A typewriter is a mechanical or electromechanical machine for typing characters. Typically, a typewriter has an array of keys, and each one causes a different single character to be produced on paper by striking an inked ribbon selectively against the paper with a type element. At the end of the nineteenth century, the term 'typewriter' was also applied to a person who used such a device.
This article needs additional citations for verification. (December 2021)
The first commercial typewriters were introduced in 1874, but did not become common in offices in the United States until after the mid-1880s. The typewriter quickly became an indispensable tool for practically all writing other than personal handwritten correspondence. It was widely used by professional writers, in offices, business correspondence in private homes, and by students preparing written assignments.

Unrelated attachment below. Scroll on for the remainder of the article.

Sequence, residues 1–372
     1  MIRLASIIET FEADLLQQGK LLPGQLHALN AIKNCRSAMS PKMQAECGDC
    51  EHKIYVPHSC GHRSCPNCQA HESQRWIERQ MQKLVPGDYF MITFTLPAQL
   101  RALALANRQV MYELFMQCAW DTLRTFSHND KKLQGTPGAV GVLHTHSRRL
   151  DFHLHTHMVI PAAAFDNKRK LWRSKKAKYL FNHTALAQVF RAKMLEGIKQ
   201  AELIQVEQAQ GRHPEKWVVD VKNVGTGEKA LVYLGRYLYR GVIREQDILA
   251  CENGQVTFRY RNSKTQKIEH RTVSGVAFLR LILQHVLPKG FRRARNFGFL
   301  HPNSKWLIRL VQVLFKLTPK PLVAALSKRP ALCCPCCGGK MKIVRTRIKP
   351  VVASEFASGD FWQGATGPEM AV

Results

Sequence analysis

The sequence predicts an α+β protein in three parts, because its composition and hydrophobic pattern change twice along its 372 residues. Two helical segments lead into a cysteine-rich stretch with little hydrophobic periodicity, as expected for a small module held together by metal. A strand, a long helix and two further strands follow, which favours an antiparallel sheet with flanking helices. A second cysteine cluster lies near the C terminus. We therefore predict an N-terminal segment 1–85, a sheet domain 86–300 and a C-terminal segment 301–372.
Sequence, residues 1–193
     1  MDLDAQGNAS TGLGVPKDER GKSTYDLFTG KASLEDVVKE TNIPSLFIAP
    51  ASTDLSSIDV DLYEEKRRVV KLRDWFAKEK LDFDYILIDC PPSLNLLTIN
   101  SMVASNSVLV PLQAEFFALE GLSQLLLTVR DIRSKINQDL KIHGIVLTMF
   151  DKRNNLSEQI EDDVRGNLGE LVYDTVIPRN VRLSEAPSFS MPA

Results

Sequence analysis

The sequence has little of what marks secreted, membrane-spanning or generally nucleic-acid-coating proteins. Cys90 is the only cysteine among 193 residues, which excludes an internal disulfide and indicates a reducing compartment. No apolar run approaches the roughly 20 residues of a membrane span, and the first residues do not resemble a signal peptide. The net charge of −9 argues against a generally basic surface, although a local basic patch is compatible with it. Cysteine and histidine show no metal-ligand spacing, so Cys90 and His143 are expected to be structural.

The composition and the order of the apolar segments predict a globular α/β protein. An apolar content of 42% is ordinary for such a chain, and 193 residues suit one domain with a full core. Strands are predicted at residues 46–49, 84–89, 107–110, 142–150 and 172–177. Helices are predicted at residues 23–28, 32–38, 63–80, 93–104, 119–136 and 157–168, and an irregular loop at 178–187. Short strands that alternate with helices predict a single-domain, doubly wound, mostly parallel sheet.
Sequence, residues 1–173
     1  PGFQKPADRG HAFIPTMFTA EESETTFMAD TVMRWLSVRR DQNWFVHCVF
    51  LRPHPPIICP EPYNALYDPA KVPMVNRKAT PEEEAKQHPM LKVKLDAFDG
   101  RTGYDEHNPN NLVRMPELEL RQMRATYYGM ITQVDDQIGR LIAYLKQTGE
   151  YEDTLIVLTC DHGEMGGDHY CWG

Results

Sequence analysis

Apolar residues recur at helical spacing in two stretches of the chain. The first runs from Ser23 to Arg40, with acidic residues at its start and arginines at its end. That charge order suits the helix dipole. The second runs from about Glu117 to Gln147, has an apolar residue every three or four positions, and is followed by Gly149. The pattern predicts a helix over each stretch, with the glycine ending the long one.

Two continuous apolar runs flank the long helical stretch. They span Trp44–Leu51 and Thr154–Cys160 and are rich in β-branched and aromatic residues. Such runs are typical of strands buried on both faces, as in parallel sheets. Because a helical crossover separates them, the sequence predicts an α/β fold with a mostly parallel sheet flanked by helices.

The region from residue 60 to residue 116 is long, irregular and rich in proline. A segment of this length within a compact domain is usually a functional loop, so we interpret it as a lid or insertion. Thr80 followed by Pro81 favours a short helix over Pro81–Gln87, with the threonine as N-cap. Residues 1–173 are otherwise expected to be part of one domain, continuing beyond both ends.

Typewriters were a standard fixture in most offices up to the 1980s. Thereafter, they began to be largely supplanted by personal computers running word processing software. Nevertheless, typewriters remain common in some parts of the world. For example, typewriters are still used in many Indian cities and towns, especially in roadside and legal offices due to a lack of continuous, reliable electricity.
The QWERTY keyboard layout, developed for typewriters in the 1870s, remains the de facto standard for computer keyboards. The origins of this layout remain in dispute.
Notable typewriter manufacturers included E. Remington and Sons, IBM, Godrej, Imperial Typewriter Company, Oliver Typewriter Company, Olivetti, Royal Typewriter Company, Smith Corona, Underwood Typewriter Company, Facit, Adler, and Olympia-Werke.